. 99. We must now consider whether Calvin's teaching about inspiration as so far presented requires the interpretation that Calvin held a mechanical or literal dictation theory of the writing of the Bible . His emphasis as seen throughout our study of the miraculous accompaniments of inspiration upon the transmission of the message."12 "The question of authority supplies the dominant motif in Calvin's doctrine of Biblical authority.. nor vanish in error. the principle of accommodation is for Calvin a common exegetical device for explaining away irregularities that might otherwise.. No hearsay about God can be the foundation of Christian assurance . be simply attributed to inaccuracies.. M. O. Concerning "dictation....LINDSELL: BIBLICAL INFALLIBILITY 29 interpreting of passages that seem to contradict or to be inaccurate. in my opinion. p... not to insist that the mode of inspiration was »tu«. that it will neither perish by forgetfulness. never to the inspired writer .. the fact that it has come 'from heaven' is that to which the Spirit gives witness. Most of what today are recognized as idiosyncrasies in style and even mistakes in the text are attributed to the purposes of the Holy Spirit. for there were evidences in Calvin's writings that might lead to such a conclusion. 109."13 Does Calvin's belief in Biblical inerrancy mean he held that the mode of inspiration was by dictation? Dowey went into this question also. "Ibid... Seeberg. we can perceive how necessary is such a repository of heavenly doctrine. curious as it appears at first glance. There is no hint anywhere in Calvin's writings that the original text contained any flaws at all. it is apparently in assuming a priori that no errors can be allowed to reflect upon the inerrancy of the original documents...t'"? "If he [Calvin] betrays his position at all. Ritschl. When he does admit an undeniable error of grammar or of fact. 104. but probably the solution of Warfield. is the best formulation for doing justice to a certain lack of clarity or variation in Calvin himself. »tu«.. The divine origin of Scripture. that this language is figurative and that what Calvin has in mind. Hunter .• p. and this transfers authority from men to God.!" Dowey then asserts that R. attribute unambiguously a dictation theory to Calvin. and A. adds weight to the claim that he conceived the Scriptures as literally dictated by God .."ll Here are Calvin's own words: "For if we consider how slippery is the human mind . I -uu. with a less rigorous view of the perfection of the text. is. however. ." Warfield comments. p. 105. as well as his doctrine of faith in general. These are closer to the truth. 105.. p. p. nor be corrupted by the audacity of men. To this end. "It is not unfair to urge. »tiu.. how prone to all kinds of error . without exception he attributes it to copyists.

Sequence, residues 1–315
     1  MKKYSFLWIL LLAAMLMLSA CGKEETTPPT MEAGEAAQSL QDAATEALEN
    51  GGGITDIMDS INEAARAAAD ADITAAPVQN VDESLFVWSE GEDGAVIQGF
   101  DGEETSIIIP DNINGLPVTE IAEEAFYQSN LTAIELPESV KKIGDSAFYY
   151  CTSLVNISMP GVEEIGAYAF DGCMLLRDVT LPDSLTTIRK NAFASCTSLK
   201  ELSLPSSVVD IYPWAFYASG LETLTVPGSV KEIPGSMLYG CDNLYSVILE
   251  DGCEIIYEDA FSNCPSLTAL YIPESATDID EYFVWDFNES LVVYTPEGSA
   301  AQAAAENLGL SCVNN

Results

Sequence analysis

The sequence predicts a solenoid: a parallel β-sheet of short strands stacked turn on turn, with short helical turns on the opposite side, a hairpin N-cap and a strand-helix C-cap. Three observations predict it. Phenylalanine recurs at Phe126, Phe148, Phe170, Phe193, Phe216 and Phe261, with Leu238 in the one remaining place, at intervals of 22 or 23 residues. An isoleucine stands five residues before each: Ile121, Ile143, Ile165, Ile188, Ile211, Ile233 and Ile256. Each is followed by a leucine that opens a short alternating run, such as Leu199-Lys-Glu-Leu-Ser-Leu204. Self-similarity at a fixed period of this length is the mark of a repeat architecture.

I have a dread of repudiating it. He refuses to date it in another century even as he refuses to let it come from a forger who has used Peter's name. Calvin says no! Moreover. they also claim that it is a second-century. Of 2 Peter he says in his commentary on that book: If it is received as canonical. This is important because modern critics not only claim that this epistle was not written by Peter. is not a modern one. he makes it plain that 2 Peter was written during Peter's lifetime. The Epistle of Paul the Apostle to the Hebrews and the First and Second Epistles of St. because it might have some force after he was dead to encourage the good and repress the wicked. A number of opponents of Biblical inerrancy have attributed to Calvin the opinion that he rejected the Petrine authorship of 2 Peter. but also because he testifies that he lived with Christ. Since there is no agreement as to the author.. 1963). even though I do not recognize in it the genuine language of Peter. he uses the =u«. but that the result of inspiration is as if it were by dictation. but that one of his disciples composed by his command what the necessity of the times demanded. not a first-century. and it could be that at the request of the godly he allowed this testament of his mind to be signed and sealed just before his death.. 325. Calvin does not hesitate to say that.. not only because it bears his name. in which case it was a genuine product of the apostle. too. on the other hand. Therefore I conclude that if the epistle is trustworthy it has come from Peter. Certainly since the majesty of the Spirit of Christ expresses itself in all parts of the epistle."15 One item in the testimony of John Calvin should be explained. It is probable that at the time he was very old. viz.. the production of a pure word of God free from all human admixtures . we must admit that Peter is the author.l" From Calvin's own statement we should note several things. The problem of Petrine authorship. It has existed in the Church for centuries. Peter (Grand Rapids: Eerdmans. Calvin would be at variance with modern critics who advocate the viewpoint that someone used Peter's name long after his death and that this device is acceptable. not that he wrote it himself. it should be stated. that Calvin had trouble with the language of 2 Peter and it was this that occasioned his suggestion that perhaps the epistle was written by an amanuensis under the supervision of the aged apostle. It is true. Calvin was involved in this. First. p. Calvin. 101 f. 16J.30 JOURNAL OF THE EVANGELICAL THEOLOGICAL SOCIETY dictation. allowing for the possibility that Peter had someone write it under his supervision and control. product. The important thing to realize is that according to Calvin the Scriptures were so given that-whether by 'literal' or 'figurative' dictation-the result was a series of documents errorless in their original form. . It would have been a fiction unworthy of a minister of Christ to pretend to be another personality. he acknowledges that if one accepts 2 Peter as canonical it must be admitted that Peter is the author simply because the epistle so claims. pp. he says he is near to death. I shall allow myself to use the name of Peter or the apostle indiscriminately.